• Packages that provide support for a specific program that is being built.
    • startup, shutdown and configuration.
  • internal/
    • Packages that provide support for the different programs the project owns.
    • CRUD, services or business logic.
  • internal/platform/
    • Packages that provide internal foundational support for the project.
    • database, authentication or marshaling.

Validate the dependency choices.

  • All
    • Validate the cost/benefit of each dependency.
    • Question imports for the sake of sharing existing types.
    • Question imports to others packages at the same level.
    • If a package wants to import another package at the same level:
      • Question the current design choices of these packages.
      • If reasonable, move the package inside the source tree for the package that wants to import it.
      • Use the source tree to show the dependency relationships.
  • internal/
    • Packages from these locations CAN’T be imported:
      • cmd/
  • internal/platform/
    • Packages from these locations CAN’T be imported:
      • cmd/
      • internal/

It’s nice to just have one level inside of platform and inside of user. I think it helps keep things clearer and organized. platform is a little harder to try to maintain decoupling at the same level but I work very hard to do this at the internal level. I really want to make sure at the internal level, I try to keep packages at the same level from importing each other.

The other thing I want us to do is understand the imports sheet. I have made sure that this projects’ structure is in such a way where we should always be able to validate the following.

Here any package that we have inside of command has the ability to import inside of internal and platform. You can always import down, you can’t import up. What this means is if I have a package like “user”, “user” never ever should be importing packages inside of command.

Validate the policies being imposed.

  • Kit, internal/platform/
    • NOT allowed to set policy about any application concerns.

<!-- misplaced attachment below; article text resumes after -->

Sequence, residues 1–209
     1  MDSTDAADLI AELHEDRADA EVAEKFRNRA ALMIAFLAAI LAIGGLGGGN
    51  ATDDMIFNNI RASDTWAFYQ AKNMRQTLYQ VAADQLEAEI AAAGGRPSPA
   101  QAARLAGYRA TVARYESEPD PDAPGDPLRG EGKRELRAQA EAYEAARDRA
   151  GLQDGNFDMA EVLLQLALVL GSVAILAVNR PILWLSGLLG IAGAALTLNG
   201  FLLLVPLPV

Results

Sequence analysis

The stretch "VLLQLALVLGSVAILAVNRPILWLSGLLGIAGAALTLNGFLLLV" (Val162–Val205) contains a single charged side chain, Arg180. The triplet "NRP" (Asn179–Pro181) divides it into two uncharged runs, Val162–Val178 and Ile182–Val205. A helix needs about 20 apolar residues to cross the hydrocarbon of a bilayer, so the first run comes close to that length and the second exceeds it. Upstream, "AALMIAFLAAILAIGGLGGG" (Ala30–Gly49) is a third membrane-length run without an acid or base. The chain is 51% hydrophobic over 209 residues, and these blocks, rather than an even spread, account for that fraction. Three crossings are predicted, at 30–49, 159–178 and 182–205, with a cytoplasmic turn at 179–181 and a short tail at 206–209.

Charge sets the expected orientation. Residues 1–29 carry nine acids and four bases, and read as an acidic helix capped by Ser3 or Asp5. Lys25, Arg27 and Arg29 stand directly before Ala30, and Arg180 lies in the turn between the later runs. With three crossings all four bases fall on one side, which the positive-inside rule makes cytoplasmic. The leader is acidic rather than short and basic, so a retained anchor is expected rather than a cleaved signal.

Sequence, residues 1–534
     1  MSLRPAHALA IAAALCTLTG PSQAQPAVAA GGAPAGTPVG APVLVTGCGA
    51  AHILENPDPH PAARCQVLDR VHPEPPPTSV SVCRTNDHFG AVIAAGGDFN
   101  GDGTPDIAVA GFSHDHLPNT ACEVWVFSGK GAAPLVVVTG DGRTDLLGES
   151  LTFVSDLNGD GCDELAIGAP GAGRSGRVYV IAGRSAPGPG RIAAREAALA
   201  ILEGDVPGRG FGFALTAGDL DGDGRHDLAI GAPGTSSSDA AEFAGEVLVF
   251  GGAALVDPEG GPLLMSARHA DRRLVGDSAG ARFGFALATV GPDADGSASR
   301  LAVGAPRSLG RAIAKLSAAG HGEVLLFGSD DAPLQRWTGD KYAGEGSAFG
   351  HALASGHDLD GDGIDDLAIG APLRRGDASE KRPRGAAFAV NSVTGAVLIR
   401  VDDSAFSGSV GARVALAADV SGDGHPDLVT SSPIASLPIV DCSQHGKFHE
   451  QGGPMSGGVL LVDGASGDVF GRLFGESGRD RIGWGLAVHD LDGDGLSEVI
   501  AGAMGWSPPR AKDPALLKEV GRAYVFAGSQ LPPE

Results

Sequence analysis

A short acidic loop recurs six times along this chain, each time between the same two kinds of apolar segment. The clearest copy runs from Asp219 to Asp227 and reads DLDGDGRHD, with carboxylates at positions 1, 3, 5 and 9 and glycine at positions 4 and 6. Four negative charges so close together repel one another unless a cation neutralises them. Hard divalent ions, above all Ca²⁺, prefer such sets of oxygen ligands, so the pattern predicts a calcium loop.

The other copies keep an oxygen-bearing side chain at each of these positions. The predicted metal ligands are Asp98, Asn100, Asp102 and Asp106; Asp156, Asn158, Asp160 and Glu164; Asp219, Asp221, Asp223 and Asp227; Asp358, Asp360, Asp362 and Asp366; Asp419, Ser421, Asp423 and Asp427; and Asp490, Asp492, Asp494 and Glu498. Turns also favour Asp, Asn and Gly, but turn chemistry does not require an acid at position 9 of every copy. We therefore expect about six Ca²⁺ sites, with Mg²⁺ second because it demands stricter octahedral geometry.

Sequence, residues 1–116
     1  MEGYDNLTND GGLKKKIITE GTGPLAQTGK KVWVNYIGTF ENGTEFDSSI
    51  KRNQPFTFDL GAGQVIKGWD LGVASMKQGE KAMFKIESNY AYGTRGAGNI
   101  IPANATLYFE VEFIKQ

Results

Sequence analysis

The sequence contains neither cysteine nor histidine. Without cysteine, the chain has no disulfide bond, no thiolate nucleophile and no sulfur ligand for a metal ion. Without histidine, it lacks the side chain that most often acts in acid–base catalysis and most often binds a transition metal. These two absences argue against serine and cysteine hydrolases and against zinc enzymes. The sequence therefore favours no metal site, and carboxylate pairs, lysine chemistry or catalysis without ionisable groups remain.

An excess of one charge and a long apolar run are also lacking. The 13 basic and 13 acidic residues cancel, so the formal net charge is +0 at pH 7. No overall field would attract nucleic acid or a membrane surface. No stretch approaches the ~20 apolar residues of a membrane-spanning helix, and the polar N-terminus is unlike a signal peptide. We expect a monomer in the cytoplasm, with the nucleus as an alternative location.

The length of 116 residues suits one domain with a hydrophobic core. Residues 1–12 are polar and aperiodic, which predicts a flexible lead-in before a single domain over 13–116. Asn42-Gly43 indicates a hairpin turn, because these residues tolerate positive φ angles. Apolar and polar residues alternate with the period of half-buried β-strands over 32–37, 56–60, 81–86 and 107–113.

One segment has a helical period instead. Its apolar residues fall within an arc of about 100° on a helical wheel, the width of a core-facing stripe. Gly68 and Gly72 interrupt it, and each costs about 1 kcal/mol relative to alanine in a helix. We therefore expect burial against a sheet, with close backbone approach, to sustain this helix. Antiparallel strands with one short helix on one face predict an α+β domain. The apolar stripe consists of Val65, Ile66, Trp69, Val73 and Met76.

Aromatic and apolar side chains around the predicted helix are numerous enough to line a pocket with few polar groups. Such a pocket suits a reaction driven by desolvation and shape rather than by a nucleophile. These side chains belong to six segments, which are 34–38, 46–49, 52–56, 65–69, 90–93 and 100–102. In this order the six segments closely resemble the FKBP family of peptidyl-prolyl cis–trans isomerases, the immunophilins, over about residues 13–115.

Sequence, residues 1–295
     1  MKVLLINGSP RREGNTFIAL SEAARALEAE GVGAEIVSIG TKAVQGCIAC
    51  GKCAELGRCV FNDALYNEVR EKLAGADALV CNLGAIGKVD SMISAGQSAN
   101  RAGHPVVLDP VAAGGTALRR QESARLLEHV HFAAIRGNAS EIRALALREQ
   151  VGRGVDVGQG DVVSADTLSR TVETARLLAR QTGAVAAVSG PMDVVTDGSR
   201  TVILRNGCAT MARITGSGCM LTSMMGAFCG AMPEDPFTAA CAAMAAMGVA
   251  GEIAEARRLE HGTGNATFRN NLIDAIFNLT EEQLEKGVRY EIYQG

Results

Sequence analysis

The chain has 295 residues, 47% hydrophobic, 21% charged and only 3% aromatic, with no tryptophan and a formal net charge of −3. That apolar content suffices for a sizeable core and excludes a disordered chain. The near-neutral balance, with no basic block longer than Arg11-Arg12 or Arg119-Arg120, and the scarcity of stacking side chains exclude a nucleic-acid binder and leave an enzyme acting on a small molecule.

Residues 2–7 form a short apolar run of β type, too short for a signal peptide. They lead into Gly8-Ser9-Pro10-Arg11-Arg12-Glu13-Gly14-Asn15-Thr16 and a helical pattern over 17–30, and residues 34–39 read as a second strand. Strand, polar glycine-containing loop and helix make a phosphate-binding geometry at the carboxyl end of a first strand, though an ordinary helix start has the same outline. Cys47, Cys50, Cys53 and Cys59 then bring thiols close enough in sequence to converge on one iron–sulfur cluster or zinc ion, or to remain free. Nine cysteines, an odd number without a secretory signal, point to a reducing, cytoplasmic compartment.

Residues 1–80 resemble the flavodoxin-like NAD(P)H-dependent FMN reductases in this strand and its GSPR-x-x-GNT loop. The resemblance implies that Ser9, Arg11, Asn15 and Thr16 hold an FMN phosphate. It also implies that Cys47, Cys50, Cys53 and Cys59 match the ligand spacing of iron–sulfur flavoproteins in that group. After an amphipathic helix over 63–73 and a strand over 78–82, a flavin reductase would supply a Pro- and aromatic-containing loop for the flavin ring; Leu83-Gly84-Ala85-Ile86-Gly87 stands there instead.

• NOT allowed to log, but access to trace information must be decoupled.
    • Configuration and runtime changes must be decoupled.
    • Retrieving metric and telemetry values must be decoupled.
  • cmd/, internal/
    • Allowed to set policy about any application concerns.
    • Allowed to log and handle configuration natively.

Validate how data is accepted/returned.

  • All
    • Validate the consistent use of value/pointer semantics for a given type.
    • When using an interface type to accept a value, the focus must be on the behavior that is required and not the value itself.
    • If behavior is not required, use a concrete type.
    • When reasonable, use an existing type before declaring a new one.
    • Question types from dependencies that leak into the exported API.
      • An existing type may no longer be reasonable to use.

Validate how errors are handled.

  • All
    • Handling an error means:
      • The error has been logged.
      • The application is back to 100% integrity.
      • The current error is not reported any longer.
  • Kit
    • NOT allowed to panic an application.
    • NOT allowed to wrap errors.
    • Return only root cause error values.
  • cmd/
    • Allowed to panic an application.
    • Wrap errors with context if not being handled.
    • Majority of handling errors happen here.
  • internal/
    • NOT allowed to panic an application.
    • Wrap errors with context if not being handled.
    • Minority of handling errors happen here.
  • internal/platform/
    • NOT allowed to panic an application.
    • NOT allowed to wrap errors.
    • Return only root cause error values.

Validate testing.

  • cmd/
    • Allowed to use 3rd party testing packages.
    • Can have a test folder for tests.
    • Focus more on integration than unit testing.
  • kit/, internal/, internal/platform/
    • Stick to the testing package in go.
    • Test files belong inside the package.
    • Focus more on unit than integration testing.

Validate recovering panics.

  • cmd/
    • Can recover any panic.
    • Only if system can be returned to 100% integrity.
  • kit/, internal/, internal/platform/
    • Can not recover from panics unless:
      • Goroutine is owned by the package.
      • Can provide an event to the app about the panic.